Bookmark to Stumbleupon. Give it a thumb StumbleUpon


If you are new to this series, please read the introduction.


Crush Your Enemy Totally

All great leaders since Moses have known that a feared enemy must be crushed completely. They have usually learned this the hard way. If one ember is left alight, no matter how dimly is smolders, a fire will eventually break out. More is lost through stopping halfway than through total annihilation. The enemy will recover and seek revenge. Crush him, not only in body but in spirit.

In your struggle for power, you will stir up rivalries and create enemies. There will be people you can not win over, who remain your enemies no matter what happens. Such people wish you ill. There is nothing they want more than to eliminate you. If; in your struggles with them, you stop half-way, out of mercy or hope of reconciliation, you only make them more determined, more embittered, and they will someday take revenge. They may act friendly for the time being, but this is only because you have defeated them. They have no choice but to wait.

The remnants of an enemy can become active like those of a disease or a fire. Hence, they should be exterminated completely. One should never ignore an enemy, knowing him to be weak. He becomes dangerous in due course, like the spark of a fire in a haystack. Kautilya, Third Century B.C.

The solution: Have no mercy. Do not take their hatred personally. Crush your enemies as totally as they would crush you. Ultimately, the only peace and security you can hope from your enemies is their disappearance.

Mao Tse-tung knew the importance of this law. In 1934, Mao and 75,000 poorly equipped soldiers fled into the desolate mountains of western China to escape Chiang Kai-shek's much larger army, in what is called the Long March.

Chiang was determined to eliminate every Communist and by a few years later, Mao had less than 10,000 soldiers remaining. By 1937, when China was invaded by Japan, Chiang had calculated that the communists were no longer a threat. He chose to give up the chase and concentrate on the Japanese. Ten years later, Mao's forces had recovered to rout Chiang's army. Chiang had forgotten the wisdom of crushing the enemy; Mao had not. Chiang was pursued until he and his army fled to the island of Taiwan. Nothing remains of his regime in mainland China.

To have ultimate victory, one must be ruthless. - Napoleon Bonaparte, 1769-1821

The goal of total victory is an axiom of modern warfare and was codified by Carl von Clausewitz, the premier philosopher of war. Analyzing the campaigns of Napoleon, von Clausewitz wrote, "We do claim that direct annihilation of the enemy's forces must always be the dominant consideration. Once a major victory has been achieved, there must be no talk of rest, of breathing space but only of the pursuit, going for the enemy again, seizing his capital, attacking his reserves and anything else that might give his country aid and comfort." The reason for this is that after war comes negotiation and the division of territory. If you have only one a partial victory, you will most likely lose in negotiation what you have gained in battle.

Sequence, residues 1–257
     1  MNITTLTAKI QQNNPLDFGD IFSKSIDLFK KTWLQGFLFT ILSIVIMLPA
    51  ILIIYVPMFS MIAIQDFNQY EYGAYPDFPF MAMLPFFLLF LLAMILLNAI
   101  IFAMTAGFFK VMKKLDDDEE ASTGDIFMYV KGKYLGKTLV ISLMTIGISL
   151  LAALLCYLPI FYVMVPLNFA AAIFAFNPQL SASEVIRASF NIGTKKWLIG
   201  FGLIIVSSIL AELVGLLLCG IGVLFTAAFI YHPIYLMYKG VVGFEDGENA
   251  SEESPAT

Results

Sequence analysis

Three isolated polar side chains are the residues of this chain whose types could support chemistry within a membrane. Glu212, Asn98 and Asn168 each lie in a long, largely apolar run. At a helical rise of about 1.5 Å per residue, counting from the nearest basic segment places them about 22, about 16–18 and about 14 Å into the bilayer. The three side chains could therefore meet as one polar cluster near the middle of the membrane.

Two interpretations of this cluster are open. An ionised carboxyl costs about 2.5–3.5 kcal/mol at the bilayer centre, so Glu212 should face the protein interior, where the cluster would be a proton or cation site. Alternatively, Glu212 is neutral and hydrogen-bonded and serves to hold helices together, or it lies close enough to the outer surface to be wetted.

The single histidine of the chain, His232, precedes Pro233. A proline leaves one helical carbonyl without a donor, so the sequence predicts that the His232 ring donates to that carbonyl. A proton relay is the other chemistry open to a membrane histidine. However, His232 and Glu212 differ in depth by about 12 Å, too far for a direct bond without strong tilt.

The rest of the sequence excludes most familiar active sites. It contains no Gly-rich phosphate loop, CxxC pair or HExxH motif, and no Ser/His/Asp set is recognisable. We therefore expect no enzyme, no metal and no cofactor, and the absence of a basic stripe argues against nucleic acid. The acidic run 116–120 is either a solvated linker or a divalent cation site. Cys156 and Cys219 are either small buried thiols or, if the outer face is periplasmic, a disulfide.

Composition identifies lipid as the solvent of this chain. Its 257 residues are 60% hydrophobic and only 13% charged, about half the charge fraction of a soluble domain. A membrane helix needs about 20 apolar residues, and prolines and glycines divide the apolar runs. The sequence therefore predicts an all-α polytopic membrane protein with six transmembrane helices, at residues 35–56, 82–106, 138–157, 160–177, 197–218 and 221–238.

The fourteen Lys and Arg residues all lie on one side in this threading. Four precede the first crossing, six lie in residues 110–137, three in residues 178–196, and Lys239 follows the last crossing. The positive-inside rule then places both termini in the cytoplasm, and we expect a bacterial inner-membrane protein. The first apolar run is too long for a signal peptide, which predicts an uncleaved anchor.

A viper crushed beneath your foot, but left alive, will rear up and bite you with a double dose of venom. An enemy that is left around is like a half-dead viper that you nurse back to health. Time makes the venom grow stronger.

The solution is simple: Allow your enemies no options. Annihilate them and their territory is yours. The goal of power is to control your enemies completely, to make them obey your will. You can not afford to go half way. If they have no other options, they will be forced to do your bidding. This law has applications far beyond the battlefield. Negotiation is the insidious viper that will eat away at your victory, so give your enemies nothing to negotiate, no hope, no room to maneuver. They are crushed and that is that.

For it must be noted, that men must either be caressed or else annihilated; they will revenge themselves for small injuries, but can not do so for great ones; the injury, therefore, that we do to a man must be such that we need not fear his vengeance. - Nicolo Machiavelli, 1469-1527

Be realistic: If you are not ruthless with your enemies, you will never be secure. And, if you are not in a position to do away with them or banish them from your presence, at least understand that they are plotting against you and pay no attention to whatever friendliness they offer. Your only protection is such a situation is your wariness.

Any questions??

If you found this essay useful, please give it a thumb, on